TEXT AND PHOTOS BY JAISAL NOOR
Maria Alejendra, a factory worker in the suburbs of Buenos Aires, Argentina, spends her days cutting pieces of rawhide at the Huesitos de Wilde Cooperative. Along with the 33 other original workers at the dog treat factory, Alejandra now makes twice as much money — 2,000 pesos a month — as she did under her former boss. Alejandra, 41, who has worked at the factory for 14 years, is now able to listen to music and drink maté, a South American herbal tea, while she works.
The Huesitos de Wilde Cooperative is just one of more than 250 worker-recovered businesses in Argentina, which employ a total of 13,000 workers. Part of a broader effort to recover factories, which started after the country’s economic collapse in 2001, the workers at Huesitos de Wilde first occupied the factory and took over production in January 2007.
Though Argentina’s economy has improved since the crash, the current economic downturn has caused a recent increase in factory take overs, with a significant uptick since February.
While cooperative enterprises do allow workers a greater role in company decisions, workerrecovered businesses allow employees to reclaim lost jobs, as well as receive the same wages and equally participate in management decisions, as is the case with Huesitos de Wilde.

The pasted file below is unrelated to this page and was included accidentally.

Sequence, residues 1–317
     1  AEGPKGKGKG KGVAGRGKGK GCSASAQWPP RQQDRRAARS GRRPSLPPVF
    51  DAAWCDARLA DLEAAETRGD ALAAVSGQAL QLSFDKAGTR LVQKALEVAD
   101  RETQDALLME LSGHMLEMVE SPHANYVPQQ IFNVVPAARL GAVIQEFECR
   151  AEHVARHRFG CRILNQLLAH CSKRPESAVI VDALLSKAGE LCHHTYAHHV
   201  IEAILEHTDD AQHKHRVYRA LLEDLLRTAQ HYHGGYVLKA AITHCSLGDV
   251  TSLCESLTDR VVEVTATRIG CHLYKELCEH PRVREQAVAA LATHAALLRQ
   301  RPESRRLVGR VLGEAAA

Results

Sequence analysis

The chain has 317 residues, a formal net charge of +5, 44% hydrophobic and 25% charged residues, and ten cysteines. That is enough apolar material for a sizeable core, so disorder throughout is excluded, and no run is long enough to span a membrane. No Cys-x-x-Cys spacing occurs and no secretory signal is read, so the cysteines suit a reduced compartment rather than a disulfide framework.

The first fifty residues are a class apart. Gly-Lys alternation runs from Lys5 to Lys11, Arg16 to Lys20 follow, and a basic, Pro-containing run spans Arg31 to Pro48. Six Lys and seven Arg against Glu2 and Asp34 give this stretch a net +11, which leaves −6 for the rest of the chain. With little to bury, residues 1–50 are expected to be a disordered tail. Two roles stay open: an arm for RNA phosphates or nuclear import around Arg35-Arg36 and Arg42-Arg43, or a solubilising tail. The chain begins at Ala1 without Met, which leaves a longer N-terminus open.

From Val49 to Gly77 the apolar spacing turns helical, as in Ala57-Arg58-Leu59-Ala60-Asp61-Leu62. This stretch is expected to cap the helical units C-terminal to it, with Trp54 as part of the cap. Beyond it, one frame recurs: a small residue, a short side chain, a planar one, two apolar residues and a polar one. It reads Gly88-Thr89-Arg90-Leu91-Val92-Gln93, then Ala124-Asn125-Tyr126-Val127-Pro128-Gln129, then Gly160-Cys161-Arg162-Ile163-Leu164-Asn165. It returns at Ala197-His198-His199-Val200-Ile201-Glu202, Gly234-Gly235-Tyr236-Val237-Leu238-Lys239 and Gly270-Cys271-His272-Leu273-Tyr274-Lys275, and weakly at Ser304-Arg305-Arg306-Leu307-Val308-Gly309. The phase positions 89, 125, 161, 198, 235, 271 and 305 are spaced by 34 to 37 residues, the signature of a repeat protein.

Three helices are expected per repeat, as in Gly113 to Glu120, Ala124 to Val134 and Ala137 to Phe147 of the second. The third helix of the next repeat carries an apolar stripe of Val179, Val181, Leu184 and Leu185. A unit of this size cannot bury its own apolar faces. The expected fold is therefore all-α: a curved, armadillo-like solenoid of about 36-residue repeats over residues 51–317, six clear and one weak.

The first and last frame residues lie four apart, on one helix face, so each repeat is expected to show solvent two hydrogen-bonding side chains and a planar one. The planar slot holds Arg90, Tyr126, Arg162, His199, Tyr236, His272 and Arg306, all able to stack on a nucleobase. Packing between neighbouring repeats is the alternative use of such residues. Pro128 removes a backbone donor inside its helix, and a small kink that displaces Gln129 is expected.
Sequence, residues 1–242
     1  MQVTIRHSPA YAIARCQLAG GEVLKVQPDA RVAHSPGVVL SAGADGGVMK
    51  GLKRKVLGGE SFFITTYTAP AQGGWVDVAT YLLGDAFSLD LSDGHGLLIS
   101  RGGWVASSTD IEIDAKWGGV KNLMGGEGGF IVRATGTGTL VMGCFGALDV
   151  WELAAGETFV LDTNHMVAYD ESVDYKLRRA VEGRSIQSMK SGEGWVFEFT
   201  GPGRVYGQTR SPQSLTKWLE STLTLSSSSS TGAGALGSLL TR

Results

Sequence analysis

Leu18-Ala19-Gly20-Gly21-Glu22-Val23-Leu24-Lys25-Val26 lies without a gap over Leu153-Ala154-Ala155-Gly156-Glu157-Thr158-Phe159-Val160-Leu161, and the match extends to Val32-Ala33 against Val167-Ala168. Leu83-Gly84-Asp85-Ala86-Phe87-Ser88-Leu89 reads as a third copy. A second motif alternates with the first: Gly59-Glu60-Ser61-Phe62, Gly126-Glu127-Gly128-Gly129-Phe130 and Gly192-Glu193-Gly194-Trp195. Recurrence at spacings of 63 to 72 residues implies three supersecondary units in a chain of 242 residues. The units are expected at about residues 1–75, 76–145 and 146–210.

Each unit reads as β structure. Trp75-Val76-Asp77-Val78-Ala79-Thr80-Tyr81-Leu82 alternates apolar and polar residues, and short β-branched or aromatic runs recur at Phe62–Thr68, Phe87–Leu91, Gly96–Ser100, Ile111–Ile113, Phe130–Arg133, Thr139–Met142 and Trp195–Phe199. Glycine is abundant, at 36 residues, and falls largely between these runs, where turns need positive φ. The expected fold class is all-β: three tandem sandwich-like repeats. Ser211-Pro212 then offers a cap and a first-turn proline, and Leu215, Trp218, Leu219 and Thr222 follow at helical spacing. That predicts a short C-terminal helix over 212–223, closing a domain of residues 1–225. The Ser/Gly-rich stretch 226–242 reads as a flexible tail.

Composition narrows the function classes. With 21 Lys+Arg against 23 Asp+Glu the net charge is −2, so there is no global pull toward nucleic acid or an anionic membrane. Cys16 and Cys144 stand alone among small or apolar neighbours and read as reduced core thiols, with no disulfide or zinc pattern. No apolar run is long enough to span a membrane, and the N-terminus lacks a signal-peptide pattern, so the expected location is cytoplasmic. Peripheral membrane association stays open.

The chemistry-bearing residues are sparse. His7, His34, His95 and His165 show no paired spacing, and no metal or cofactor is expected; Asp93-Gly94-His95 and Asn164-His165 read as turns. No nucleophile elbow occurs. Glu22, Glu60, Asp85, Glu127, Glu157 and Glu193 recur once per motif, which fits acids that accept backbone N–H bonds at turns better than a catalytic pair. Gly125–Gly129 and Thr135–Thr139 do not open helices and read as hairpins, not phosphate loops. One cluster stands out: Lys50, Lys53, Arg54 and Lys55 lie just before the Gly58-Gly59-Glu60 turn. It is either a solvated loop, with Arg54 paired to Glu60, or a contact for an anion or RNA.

Workers who seek to recover a business from their owners are faced with numerous challenges. In addition to often lacking management experience, the struggle to find start-up money and maintain a profitable business can often sideline reclaimed enterprises.
The workers at Huesitos de Wilde were offered guidance by an array of groups, including the Argentine Workers Center, a trade-union federation.
“Once we were taught, we came back to take over the factory,” Alejandra said.
Reclaiming factories that have been abandoned by owners provides workers with a way to counter the self-interest of some employers, according to Marie Trigona, a journalist and filmmaker who has worked with Free Speech Radio News and Z Magazine.
Businessmen often exploit crises by declaring bankruptcy so they can set up shop elsewhere and hire cheaper labor or invest their money in more lucrative projects, Trigona said.
Prior to the military coup of 1976, Argentina was one of the wealthiest nations in Latin America. It was the envy of the developing world, with strong labor laws and an unemployment rate of 4.2 percent. But after seven years of brutal military dictatorship — which were marked by widespread torture and the “disappearance” of 30,000 political opponents — followed by a string of pro-free market governments, these progressive policies were eroded.